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The Ender 3 3D printer is an open-source Creality 3D printer that uses the Marlin firmware. It is easily accessible from the LCD interface on the front of the Ender 3. For more information on Marlin, you can visit Marlin firmware github repository.
The building of the Ender 3 is very simple and takes most people around 2-4 hours from start to finish. This short time is possible due to everything needed for building, such as screwdrivers, allen wrenches, and parts are all included in the package of the Ender 3. The instructions included in the package are pictures without any text. Detailed, written instructions and images are available in the Assembly portion below. This is not a static guide, if there is something wrong with it, or a better way to explain it, please update it to make it as simple as possible.
Listed on their website here.
Ender 3 or AthenaII
Both of these printers are low cost 3D printers that can be used by inexperienced and experienced 3D print enthusiasts of the like. The AthenaII has been the printer of choice for the MSE4777 class since inception, but with printers like the Ender 3 become cheaper and also fully open-sourced, it begs the question of which printer should be used for the future.
From the time testing with the Ender 3 and the AthenaII printer, it depends how much time the user wants to put into it. The Ender 3 gets good print quality once calibrated properly. The AthenaII gets good print quality (and maybe even better than Ender 3) once you calibrate it and set the settings correctly in the slicer program. The AthenaII can also print a lot faster than the Ender 3 with very similar/better results once the user puts the time into it.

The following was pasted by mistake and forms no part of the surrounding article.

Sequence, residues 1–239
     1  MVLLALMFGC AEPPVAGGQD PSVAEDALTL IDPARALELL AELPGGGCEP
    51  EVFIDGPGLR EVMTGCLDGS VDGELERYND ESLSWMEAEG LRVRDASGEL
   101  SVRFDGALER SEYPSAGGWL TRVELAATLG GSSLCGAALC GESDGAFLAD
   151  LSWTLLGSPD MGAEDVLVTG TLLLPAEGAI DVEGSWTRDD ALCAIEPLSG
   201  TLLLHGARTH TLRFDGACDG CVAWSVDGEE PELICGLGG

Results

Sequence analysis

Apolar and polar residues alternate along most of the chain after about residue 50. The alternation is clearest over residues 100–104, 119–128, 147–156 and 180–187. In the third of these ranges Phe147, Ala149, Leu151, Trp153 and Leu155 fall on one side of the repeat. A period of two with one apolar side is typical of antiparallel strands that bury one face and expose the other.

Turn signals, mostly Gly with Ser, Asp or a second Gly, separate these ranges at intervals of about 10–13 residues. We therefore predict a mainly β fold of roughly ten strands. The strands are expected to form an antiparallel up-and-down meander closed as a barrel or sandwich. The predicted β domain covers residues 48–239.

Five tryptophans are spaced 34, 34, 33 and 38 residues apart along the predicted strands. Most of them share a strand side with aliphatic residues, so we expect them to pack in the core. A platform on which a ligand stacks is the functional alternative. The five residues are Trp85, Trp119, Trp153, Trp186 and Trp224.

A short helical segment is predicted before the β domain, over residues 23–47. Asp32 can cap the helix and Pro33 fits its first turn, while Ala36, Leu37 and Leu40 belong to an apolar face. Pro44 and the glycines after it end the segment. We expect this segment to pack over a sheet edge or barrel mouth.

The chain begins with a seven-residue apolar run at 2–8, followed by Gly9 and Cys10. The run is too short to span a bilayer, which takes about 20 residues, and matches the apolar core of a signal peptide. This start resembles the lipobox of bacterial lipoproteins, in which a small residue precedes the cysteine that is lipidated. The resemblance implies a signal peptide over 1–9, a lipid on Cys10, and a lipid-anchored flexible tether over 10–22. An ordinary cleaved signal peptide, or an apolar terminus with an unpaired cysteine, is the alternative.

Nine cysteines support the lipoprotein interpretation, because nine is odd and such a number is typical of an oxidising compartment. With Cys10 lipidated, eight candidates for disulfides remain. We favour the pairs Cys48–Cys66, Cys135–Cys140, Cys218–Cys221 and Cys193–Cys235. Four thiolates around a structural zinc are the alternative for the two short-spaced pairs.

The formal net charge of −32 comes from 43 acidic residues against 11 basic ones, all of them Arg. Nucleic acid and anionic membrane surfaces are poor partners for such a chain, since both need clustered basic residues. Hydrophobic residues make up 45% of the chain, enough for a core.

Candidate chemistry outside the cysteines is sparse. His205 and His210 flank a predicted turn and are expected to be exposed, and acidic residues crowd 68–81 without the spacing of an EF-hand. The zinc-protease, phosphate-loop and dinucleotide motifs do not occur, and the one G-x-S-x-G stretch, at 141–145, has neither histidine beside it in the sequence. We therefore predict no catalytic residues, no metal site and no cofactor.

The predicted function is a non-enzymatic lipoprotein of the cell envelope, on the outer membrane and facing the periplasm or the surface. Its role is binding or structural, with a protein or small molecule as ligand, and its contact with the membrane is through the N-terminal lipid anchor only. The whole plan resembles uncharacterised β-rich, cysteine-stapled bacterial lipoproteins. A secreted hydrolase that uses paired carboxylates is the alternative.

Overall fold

The AthenaII uses Franklin which is accessed through a wired connection, which can be made wireless. The user has a lot of tabs to sort through on the top of Franklin and sometimes during prints Franklin will just give up.
The Ender 3 uses Marlin. This is accessed through a LCD screen on the printer itself and for the most part, the knob feels smooth with some occasional hiccups where the knob turning doesn't register properly. The user is shown abstraction in this software by only seeing things that are required which helps navigating the software.
The AthenaII build session is a very involved session that can be found here. The Ender build (which can be found below) is a lot easier to follow with a lot less moving parts. Another useful part of the Ender build is that it comes with all the necessary tools to build it, and it even comes with spare screws, extruder heads, and belts.
The AthenaII printer has a lot of modifications due to the MOST_Delta_mods. Most of them are pretty inexpensive and can completely change the printer into something else, like a Open-source_syringe_pump or a Open-source_metal_3-D_printer. The Ender 3 does not have a modding background like the AthenaII has but the Ender 3 has some helpful mods for it.
If the user is an experience 3D printer and has a lot of time to mess with the printer, the AthenaII is the best bet. If this is the users first 3D printer and/or has not too much time to mess around with the printer, the Ender 3 is a better bet. For the best way forward for the MSE4777 class, the Ender 3 printer is the way to go due to its ease of use, quick build time, and a great starting point for a 3D printer since this is the first 3D printer for many of the students in the class.
Files and Bill of Materials
Available at Github.
Everything needed to build comes with the Ender 3 package. The only recommended piece you may need is a stronger 2.5mm allen wrench for tightening the threaded rod to the motor shaft.
Before You Begin
Review the process below and collect all of the tools and consumables you need to begin the build. The list of tools above is not necessarily exhaustive.
Assembly is organized by functional group. Note that all of the pictures in the process can be enlarged by clicking on them.
|Ender 3 Home Page|
|Track 1||Track 2|
|Final Mechanical Assembly|